iPhone 6 Retina HD

A post published on the Chinese blog Feng.com back in June claimed that Apple’s upcoming ‘iPhone 6s’ and ‘iPhone 6s Plus’ smartphones would be gaining a resolution bump, though that report has yet to be corroborated by other more reliable sources.

Be that as it may, this morning some purported specifications for the upcoming iPhones were shared on the microblogging website Weibo and spotted by Feng, suggesting the iPhone 6s and iPhone 6s Plus will feature increased Retina HD screen resolutions with approximately 25 percent more pixels.

According to the blurry image of Apple’s alleged spec sheets, the 4.7-inch iPhone 6s and 5.5-inch iPhone 6s Plus should feature the following resolutions:

  • iPhone 6s — 2,000 x 1,125 pixels at 488 pixels per inch
  • iPhone 6s Plus — 2,208 × 1242 pixels at 460 pixels per inch

By comparison, the current iPhones sport these resolutions:

  • iPhone 6 — 1,334 x 750 pixels at 326 pixels per inch
  • iPhone 6 Plus — 1,920 x 1,080 pixels at 401 pixels per inch

Now, before you dismiss the report arguing that these new resolutions don’t make much sense, you must consider the fact that the present-generation iPhones actually render everything in these sizes before scaling the canvas down to the actual device resolution.

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For instance, my iPhone 6 Plus already renders everything in 2,208 × 1242 pixels that the iPhone 6s Plus screen is supposed to feature. The GPU inside the device works in tandem with iOS to automatically scale down the 2,208 × 1242 canvas to the phone’s native full HD resolution of 1,920 x 1,080 pixels.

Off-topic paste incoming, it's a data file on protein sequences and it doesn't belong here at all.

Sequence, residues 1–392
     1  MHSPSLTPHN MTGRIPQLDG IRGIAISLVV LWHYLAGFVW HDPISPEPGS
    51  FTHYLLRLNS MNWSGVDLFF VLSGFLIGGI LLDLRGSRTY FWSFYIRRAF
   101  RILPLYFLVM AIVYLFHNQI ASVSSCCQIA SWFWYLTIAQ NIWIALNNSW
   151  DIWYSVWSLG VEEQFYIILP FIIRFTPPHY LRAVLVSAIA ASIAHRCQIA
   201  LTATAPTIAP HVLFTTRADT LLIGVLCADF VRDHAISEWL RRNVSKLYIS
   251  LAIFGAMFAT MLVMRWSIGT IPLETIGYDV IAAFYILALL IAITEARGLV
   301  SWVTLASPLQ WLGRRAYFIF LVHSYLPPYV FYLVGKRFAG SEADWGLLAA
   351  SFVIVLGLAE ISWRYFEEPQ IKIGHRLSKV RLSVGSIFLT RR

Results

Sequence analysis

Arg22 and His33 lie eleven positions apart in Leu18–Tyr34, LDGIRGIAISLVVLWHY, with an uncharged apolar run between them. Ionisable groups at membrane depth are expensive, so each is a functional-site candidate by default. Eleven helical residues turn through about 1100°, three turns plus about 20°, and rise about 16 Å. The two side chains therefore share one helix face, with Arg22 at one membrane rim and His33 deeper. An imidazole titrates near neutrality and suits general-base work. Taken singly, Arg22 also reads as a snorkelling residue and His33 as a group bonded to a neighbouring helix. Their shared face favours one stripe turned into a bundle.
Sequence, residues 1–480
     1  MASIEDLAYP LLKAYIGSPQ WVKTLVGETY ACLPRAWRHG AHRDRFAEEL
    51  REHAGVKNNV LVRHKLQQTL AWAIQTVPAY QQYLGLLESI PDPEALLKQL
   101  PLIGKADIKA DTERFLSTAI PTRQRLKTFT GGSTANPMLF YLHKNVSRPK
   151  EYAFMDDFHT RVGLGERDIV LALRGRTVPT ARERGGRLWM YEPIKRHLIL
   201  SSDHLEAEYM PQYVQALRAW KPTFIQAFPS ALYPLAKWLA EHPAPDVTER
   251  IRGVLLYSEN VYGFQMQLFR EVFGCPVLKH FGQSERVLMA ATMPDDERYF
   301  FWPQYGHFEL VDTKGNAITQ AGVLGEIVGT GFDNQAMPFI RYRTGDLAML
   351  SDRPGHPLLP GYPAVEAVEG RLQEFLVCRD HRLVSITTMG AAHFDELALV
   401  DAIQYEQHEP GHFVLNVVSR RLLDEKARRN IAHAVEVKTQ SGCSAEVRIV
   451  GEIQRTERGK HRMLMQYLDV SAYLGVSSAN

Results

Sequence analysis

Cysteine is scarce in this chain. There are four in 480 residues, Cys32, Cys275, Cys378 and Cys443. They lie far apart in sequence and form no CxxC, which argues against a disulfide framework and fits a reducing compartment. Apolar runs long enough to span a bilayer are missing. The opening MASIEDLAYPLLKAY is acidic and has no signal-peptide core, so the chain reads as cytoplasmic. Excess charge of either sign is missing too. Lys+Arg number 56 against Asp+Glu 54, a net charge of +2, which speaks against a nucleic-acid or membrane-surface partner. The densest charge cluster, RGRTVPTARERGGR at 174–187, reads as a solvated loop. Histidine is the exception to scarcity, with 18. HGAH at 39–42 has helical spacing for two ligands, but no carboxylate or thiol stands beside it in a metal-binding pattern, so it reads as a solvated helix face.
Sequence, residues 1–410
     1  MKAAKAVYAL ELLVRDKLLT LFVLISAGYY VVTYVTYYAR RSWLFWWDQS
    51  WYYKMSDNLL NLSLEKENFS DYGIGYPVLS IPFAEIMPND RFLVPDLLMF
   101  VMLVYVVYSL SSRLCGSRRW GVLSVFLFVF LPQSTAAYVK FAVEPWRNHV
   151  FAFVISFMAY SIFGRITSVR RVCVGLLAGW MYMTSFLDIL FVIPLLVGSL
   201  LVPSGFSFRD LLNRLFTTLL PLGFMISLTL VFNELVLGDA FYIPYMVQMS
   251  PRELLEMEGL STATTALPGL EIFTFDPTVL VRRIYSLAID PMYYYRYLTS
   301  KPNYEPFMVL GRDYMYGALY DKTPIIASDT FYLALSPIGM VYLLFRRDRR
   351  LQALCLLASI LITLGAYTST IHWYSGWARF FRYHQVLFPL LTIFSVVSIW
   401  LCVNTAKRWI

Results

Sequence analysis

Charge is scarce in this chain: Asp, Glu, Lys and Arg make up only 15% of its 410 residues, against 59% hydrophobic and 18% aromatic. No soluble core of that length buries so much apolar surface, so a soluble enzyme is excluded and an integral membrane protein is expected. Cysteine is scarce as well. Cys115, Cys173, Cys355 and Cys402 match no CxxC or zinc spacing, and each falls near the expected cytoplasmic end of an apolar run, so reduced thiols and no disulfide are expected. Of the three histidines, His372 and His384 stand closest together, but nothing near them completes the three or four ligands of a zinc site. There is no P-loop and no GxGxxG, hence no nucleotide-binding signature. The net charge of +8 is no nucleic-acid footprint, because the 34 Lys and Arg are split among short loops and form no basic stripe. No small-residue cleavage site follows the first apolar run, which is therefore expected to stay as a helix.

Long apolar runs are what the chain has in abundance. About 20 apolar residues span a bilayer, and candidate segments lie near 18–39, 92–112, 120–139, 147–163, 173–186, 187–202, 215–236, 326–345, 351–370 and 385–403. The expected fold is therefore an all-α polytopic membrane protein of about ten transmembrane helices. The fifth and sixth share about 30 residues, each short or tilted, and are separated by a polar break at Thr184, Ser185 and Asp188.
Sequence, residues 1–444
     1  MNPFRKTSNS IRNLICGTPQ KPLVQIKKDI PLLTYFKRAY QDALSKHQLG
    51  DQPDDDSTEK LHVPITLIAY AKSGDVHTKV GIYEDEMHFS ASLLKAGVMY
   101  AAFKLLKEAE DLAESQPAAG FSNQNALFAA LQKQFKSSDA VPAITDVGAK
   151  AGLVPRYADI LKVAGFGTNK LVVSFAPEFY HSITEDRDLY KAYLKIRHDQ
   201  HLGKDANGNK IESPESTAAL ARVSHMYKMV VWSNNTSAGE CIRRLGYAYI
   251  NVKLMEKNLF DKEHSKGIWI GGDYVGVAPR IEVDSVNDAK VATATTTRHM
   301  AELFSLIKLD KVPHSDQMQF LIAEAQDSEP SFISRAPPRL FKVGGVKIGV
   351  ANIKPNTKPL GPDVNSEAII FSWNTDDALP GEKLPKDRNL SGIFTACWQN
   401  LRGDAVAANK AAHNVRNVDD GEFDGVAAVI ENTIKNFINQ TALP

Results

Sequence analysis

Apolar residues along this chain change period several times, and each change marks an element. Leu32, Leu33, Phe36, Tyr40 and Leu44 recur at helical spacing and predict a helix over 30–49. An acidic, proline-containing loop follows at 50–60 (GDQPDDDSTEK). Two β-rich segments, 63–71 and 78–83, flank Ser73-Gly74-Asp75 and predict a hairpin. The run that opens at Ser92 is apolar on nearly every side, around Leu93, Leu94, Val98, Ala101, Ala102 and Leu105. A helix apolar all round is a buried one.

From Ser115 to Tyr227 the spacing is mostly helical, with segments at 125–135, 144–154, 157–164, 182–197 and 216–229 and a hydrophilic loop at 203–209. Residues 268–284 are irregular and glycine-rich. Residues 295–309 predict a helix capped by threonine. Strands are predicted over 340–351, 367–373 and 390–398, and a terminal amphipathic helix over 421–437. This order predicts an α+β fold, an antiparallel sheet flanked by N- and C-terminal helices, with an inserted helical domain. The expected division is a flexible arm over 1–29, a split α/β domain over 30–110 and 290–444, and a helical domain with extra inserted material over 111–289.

Same goes for the 4.7-inch iPhone 6.

You can easily confirm this by taking a screenshot of your Home screen or apps (just press the power and Home button simultaneously. Then, transfer the screenshot to your computer, open it in an image editing program like Pixelmator and check its resolution.

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Assuming this rumor is true, Apple was probably planning all along to increase the resolution of the iPhone 6s and iPhone 6s Plus so they’ve laid the groundwork for that by forcing the current phones to render everything in next-gen iPhones’ native resolutions.

Note that the iPhone 6s’s supposed 2,000 x 1,125 resolution scales down proportionally to the full HD 1,920-by-1,080 pixels. Same goes for the iPhone 6s Plus’s rumored 2,208 × 1242 native display resolution: it, too, scales down proportionally to full HD.

Should the new phones continue to render a larger canvas internally as current models do, the iPhone 6s should gain a full HD 1080p screen, which would file as a notable improvement over its current 720p-class screen, while the iPhone 6s Plus would go from full HD 1080p to 2K.

Either way, that would be a smart move on Apple’s part

For starters, existing iPhone 6/6 Plus-optimized apps already render everything in these higher resolutions so they should automatically look sharper and allow more content on the upcoming iPhones.

Keep in mind that the iPhone 6s and iPhone 6s Plus screen sizes are not expected to change. But with 25 percent more pixels, the pixel density will in fact increase so images will look sharper than on the current iPhone 6 and iPhone 6 Plus screens, which Apple markets under the “Retina HD” moniker.

Last but not least, assuming the new phones won’t use resolution downscaling due to increased display resolution, graphics should be considerably faster and less taking on the battery—without even taking into account a faster A9 chip said to power these devices.

Pretty cool, huh?

Source: Feng.com via iPhone in Canada